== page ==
Jim Amidon — While it is not likely to be erased from our memories any time soon, the 117th Monon Bell Classic is behind us and the Wabash College football team’s 47-0 victory over arch rival DePauw put a nice stamp on the fall season at the College.
And what a remarkable fall it was.
Folks who care deeply about Wabash have plenty to be thankful for as the campus falls quiet for Thanksgiving break. Here are but a handful of reasons why we give thanks this week.
In late August, President Pat White rang in 253 new students to Wabash. The freshmen come from across the country and around the world, and have enriched every aspect of our community.
We are thankful that in this difficult economy, Dean of Admissions Steve Klein and his dedicated staff — and all who help us recruit students — brought in such a large and wonderful class.
About that same time, Wabash was featured in the U.S. News & World Report’s 2011 College Guide, the Princeton Review’s Best 373 Colleges book, and Forbes magazine’s Best Colleges guide.
In early September, the College’s glorious new football field was dedicated as Sewell Field at Byron P. Hollett Little Giant Stadium. While many Wabash purists first balked at the idea of a synthetic playing surface, the Field Turf Pro gridiron matches the excellence of Wabash’s entire athletics program.
We’re thankful for the many fond and spirited memories we have of games played in that stadium and the men who compete as Little Giants, and for the benefactors who make that competition possible.
By month’s end, it was time for Homecoming. It’s hard to put an accurate number on it, but I suspect that about 6,000 people returned to alma mater to reminisce, remember, and celebrate Wabash’s thrilling 31-14 win over the University of Chicago.
At the Homecoming Alumni Chapel, two special friends were among those honored by the National Association of Wabash Men. The College’s alumni director and Crawfordsville native, Tom Runge, received the Alumni Award of Merit, and long-time swimming and diving coach, Gail Pebworth, was named an honorary alumna in the Class of 1991.
We’re thankful to both for their service to and love of Wabash College.
In late October, the Wabash community gathered again to celebrate the College’s tradition of philanthropy. At an exciting event on the last Friday of the month, alumni, faculty, staff, students, and friends gathered to announce the five-year, $60 million Challenge of Excellence capital campaign.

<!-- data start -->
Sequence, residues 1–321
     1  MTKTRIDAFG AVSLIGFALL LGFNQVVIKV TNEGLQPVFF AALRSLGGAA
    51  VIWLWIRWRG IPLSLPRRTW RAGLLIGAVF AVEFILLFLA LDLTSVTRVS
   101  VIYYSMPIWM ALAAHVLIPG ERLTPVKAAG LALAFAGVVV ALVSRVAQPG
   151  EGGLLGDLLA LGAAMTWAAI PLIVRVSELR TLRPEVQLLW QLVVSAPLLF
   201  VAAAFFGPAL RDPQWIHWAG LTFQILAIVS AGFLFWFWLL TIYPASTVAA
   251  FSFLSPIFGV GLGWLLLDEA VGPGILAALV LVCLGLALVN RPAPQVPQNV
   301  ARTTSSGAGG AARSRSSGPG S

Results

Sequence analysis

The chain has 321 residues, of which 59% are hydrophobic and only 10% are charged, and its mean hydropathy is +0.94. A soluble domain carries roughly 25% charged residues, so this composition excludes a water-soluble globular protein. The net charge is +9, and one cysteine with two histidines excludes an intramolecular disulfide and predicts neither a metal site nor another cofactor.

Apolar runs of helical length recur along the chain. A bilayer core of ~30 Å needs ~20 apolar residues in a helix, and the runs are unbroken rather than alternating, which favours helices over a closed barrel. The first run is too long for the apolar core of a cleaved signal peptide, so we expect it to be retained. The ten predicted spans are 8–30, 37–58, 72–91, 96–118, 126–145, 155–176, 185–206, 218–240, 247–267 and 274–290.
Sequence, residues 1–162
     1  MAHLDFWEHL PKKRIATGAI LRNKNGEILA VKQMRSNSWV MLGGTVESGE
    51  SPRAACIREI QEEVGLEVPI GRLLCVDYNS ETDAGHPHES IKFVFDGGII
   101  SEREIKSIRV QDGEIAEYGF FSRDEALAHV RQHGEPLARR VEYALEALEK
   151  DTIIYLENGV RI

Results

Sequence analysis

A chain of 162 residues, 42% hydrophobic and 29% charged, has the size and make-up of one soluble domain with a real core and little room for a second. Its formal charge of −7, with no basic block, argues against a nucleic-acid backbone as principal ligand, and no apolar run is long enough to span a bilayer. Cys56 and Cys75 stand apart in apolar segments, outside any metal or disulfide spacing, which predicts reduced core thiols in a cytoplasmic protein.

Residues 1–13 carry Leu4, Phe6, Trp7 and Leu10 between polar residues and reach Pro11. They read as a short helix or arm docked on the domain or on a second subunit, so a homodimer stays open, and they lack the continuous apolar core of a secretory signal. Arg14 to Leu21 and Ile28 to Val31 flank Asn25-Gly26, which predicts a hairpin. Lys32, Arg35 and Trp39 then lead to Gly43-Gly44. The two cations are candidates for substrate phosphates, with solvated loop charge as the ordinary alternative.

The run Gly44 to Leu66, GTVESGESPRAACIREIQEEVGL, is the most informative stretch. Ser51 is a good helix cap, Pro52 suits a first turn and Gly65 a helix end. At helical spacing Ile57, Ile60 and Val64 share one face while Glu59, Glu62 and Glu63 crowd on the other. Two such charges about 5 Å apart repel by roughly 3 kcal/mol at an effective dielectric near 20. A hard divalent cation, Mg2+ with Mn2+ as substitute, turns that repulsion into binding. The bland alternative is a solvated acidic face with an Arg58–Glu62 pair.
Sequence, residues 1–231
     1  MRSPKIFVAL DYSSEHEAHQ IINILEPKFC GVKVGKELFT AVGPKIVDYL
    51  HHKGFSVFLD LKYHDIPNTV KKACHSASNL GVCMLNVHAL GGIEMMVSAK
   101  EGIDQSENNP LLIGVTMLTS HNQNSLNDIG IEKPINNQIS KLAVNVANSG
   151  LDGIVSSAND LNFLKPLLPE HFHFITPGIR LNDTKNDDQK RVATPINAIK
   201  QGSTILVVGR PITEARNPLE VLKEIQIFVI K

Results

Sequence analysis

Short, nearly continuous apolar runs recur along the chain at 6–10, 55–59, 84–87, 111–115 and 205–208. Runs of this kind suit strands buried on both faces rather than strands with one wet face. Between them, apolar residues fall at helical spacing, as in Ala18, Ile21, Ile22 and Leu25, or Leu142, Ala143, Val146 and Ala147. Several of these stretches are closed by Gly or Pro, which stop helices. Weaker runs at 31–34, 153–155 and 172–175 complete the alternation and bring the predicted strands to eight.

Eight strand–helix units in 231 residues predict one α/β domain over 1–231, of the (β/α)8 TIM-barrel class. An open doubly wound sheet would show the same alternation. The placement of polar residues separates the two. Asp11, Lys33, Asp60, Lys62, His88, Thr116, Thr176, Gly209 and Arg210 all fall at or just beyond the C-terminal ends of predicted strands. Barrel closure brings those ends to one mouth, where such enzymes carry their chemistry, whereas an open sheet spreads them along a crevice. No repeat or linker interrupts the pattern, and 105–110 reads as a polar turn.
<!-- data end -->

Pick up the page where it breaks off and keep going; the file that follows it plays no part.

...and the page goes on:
We are thankful to those people — especially the College’s Trustees — who already have given or pledged nearly $36 million toward that goal.
A week later, a record number of high school seniors and their family members descended on Wabash for the Top Ten Scholarship Visit Day. Well over 180 young men who rank in the top ten percent of their high school graduating classes made their way to campus to learn more about Wabash and to meet with alumni, faculty, and students.
We are thankful that Wabash’s reputation is strong, that high school students aspire to become Wabash men, and that our accomplished alumni are living proof of the value of a liberal arts education.
On the eve of the Monon Bell Classic, scores of alumni and family members came back to Wabash for the Athletics Hall of Fame induction ceremony. A remarkable class of nine men representing eight different varsity sports were inducted (with another soon to follow).
We’re thankful for Wabash’s rich tradition of intercollegiate athletics and that the College honors its sports heroes.
Throughout the fall, students and visiting artists entertained us with their musical and theatrical performances on stage.
We are thankful for the diversity of talents in this small community, and for the College’s commitment to the education of the whole person.
And that brings us to Saturday, November 13.
No other colleges in the country can boast of a rivalry as old, as fierce, and as storied as the Monon Bell rivalry between Wabash and DePauw. We may take it for granted that a single, small college football game means so much to so many people, near and far. In reality, there really isn’t anything like it in all of college sports.
We are thankful to have such a worthy, respected rival in DePauw and we are thankful for the traditions we share. (And, of course, we’re thankful that the bell has been ringing pretty much non-stop for the last two weeks.)
In a season of Thanksgiving, we at Wabash are blessed. We are blessed with a caring, dedicated faculty and staff, eager students, loyal alumni, and a community that embraces this liberal arts college for men.
For all of these reasons and more, we are thankful.